In making decisions about treatment, physicians will either be providing facilities or services or exercising a public function, and if there is any doubt claimants will assert these as an alternative.
Proving disability is no longer as problematic as it used to be. There have been several successful interpretations both domestically and by the Court of Justice of the European Union clarifying the definition. Domestically the courts will disregard medical or other treatment when considering the effect of an impairment and will interpret “substantial” as meaning more than minor or trivial when interpreting the concept of disability under the Equality Act 2010. So it is likely that all those with underlying health conditions which put them at more significant risk in respect of the virus, such as asthma or diabetes, as well as those with co-morbidities which are likely to impact upon treatment decisions will fall within the scope of disability for the purposes of s.6 of the Act.
As for whether there is potential for discrimination in relation to triage, given that the clinical criteria for triage decisions appear to be based in large measure on a risk assessment relating to the outcome of ICU treatment in the individual case, an argument based on the fact that many of the risk factors appear to be indissociable from the impairment causing them might appear attractive.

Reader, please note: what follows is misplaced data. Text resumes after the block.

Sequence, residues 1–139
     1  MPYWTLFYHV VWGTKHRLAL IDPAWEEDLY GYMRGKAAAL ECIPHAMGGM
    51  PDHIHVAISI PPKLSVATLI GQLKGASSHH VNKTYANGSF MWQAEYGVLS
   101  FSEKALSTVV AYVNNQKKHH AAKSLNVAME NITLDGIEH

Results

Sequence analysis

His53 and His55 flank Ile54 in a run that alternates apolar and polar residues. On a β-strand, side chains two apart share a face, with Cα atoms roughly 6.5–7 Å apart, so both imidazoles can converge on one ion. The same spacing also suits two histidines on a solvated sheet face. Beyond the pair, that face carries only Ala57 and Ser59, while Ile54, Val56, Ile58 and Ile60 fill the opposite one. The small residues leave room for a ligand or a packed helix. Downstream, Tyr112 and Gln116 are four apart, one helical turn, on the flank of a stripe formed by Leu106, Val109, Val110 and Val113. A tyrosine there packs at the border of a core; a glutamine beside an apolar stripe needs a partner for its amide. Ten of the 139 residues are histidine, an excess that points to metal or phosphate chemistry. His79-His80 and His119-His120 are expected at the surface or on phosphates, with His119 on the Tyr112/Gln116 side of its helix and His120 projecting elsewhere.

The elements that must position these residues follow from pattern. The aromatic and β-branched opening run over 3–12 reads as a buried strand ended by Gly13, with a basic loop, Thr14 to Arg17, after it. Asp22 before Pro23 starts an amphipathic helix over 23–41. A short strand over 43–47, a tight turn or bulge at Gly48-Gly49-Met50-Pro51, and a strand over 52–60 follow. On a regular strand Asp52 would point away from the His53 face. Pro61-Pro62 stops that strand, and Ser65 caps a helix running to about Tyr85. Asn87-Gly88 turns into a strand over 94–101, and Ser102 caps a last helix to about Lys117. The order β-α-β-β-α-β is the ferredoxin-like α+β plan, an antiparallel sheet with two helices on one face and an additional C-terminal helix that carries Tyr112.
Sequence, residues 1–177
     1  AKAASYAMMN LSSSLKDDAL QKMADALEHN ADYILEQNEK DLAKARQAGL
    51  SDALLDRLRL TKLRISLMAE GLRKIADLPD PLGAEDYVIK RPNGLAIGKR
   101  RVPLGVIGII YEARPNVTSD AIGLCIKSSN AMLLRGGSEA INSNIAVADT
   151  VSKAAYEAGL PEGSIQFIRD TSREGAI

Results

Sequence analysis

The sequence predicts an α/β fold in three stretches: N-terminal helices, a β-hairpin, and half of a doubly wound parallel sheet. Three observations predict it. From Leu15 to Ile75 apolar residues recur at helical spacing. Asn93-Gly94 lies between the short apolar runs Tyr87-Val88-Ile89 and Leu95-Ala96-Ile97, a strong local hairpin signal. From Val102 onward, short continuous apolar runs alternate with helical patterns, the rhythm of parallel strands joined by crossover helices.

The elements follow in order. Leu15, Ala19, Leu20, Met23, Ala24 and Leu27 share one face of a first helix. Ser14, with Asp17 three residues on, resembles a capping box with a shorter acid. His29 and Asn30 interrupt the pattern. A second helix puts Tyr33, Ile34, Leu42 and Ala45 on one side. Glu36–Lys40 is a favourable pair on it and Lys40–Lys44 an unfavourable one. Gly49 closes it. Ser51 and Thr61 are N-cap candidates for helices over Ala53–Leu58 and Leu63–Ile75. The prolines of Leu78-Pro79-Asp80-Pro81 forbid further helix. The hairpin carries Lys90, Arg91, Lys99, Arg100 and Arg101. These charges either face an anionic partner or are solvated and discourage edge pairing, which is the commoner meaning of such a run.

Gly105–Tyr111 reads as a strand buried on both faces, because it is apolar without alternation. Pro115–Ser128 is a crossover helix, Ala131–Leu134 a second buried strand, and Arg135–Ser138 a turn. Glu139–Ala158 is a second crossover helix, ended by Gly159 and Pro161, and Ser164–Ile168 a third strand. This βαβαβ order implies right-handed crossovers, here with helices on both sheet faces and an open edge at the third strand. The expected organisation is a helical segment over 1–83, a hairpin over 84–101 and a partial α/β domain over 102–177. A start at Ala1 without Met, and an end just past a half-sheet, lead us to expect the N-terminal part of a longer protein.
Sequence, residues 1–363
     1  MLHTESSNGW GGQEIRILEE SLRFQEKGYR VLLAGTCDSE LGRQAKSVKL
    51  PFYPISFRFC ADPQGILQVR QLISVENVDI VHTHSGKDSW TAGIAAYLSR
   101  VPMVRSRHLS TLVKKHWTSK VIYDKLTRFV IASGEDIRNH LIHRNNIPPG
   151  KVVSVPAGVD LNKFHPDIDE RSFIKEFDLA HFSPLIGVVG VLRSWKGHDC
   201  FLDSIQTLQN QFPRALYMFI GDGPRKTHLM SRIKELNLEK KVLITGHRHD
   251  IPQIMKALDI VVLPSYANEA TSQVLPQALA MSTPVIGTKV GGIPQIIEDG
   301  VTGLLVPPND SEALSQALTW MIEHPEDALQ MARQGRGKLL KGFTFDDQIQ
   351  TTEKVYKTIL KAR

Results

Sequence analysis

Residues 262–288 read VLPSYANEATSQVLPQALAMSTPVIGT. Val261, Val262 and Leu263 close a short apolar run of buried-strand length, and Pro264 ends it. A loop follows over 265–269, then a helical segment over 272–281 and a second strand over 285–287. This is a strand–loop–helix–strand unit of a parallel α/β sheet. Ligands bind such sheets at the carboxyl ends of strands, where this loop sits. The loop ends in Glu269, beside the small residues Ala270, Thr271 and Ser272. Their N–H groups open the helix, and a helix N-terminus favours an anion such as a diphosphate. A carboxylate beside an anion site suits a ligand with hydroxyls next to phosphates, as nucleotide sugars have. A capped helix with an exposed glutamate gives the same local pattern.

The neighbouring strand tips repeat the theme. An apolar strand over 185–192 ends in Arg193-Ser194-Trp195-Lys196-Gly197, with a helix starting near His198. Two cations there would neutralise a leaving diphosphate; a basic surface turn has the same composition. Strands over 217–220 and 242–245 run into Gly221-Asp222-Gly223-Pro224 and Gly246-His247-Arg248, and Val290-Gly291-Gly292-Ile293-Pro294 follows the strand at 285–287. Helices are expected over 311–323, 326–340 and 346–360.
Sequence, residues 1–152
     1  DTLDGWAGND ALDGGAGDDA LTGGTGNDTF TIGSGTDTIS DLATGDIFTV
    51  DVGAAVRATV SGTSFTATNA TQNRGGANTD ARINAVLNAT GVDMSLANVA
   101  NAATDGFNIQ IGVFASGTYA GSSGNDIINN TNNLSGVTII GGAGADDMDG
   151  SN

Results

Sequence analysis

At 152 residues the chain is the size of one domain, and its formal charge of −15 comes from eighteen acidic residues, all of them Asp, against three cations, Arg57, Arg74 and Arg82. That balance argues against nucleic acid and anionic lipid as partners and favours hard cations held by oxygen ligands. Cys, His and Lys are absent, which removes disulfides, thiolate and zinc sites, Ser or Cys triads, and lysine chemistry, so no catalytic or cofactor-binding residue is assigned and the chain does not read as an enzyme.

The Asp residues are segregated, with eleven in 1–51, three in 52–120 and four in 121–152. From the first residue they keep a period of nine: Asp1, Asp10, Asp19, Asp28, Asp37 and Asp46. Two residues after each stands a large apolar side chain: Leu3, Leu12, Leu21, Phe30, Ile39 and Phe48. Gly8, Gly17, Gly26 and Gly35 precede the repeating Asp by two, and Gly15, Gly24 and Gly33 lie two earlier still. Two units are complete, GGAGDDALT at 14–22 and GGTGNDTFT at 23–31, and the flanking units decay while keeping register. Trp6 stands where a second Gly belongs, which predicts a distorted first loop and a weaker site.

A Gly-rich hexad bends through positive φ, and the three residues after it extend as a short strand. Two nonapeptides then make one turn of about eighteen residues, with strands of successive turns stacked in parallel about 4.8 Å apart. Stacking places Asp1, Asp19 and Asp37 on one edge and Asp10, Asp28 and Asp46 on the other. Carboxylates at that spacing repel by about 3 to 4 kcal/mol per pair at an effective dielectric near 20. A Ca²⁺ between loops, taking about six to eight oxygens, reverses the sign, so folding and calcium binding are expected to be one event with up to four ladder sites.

However in Robert Owen v Amec Foster Wheeler Energy Limited, James Shaughnessy  EWCA Civ 822 the Court of Appeal considered this type of argument in an employment context. An employment opportunity was denied to a disabled person “because his disabilities were considered to give rise to a high risk of medical complications if he were to be deployed at a remote location”. He was considered to have this high risk due to his underlying disabilities. However the medical assessment of risk was said to provide a complete non-discriminatory explanation for the denial of the opportunity. The comparator was said to be a person, without a disability, who had similarly been assessed by a medical practitioner as being of high risk if sent on an assignment because of medical concerns. The Court of Appeal accepted that the ET was entitled to ascribe the characteristic of having a “high risk” upon being assigned abroad even if one took out of the equation the Claimant’s disability. It also accepted the respondent’s submission that disability can properly form part of the comparison; what must be excluded from the comparator’s characteristics is the Claimant’s individual disability (para 55). The decision not to assign the Claimant abroad was made not because of his disability but (arguably) for a reason arising from his disability . However, that would have been a claim under section 15 of the 2010 Act. Of course such a distinction would permit the respondent to justify the unfavourable treatment by reference to a legitimate aim if it is an appropriate and reasonably necessary (i.e. proportionate) means of achieving that aim.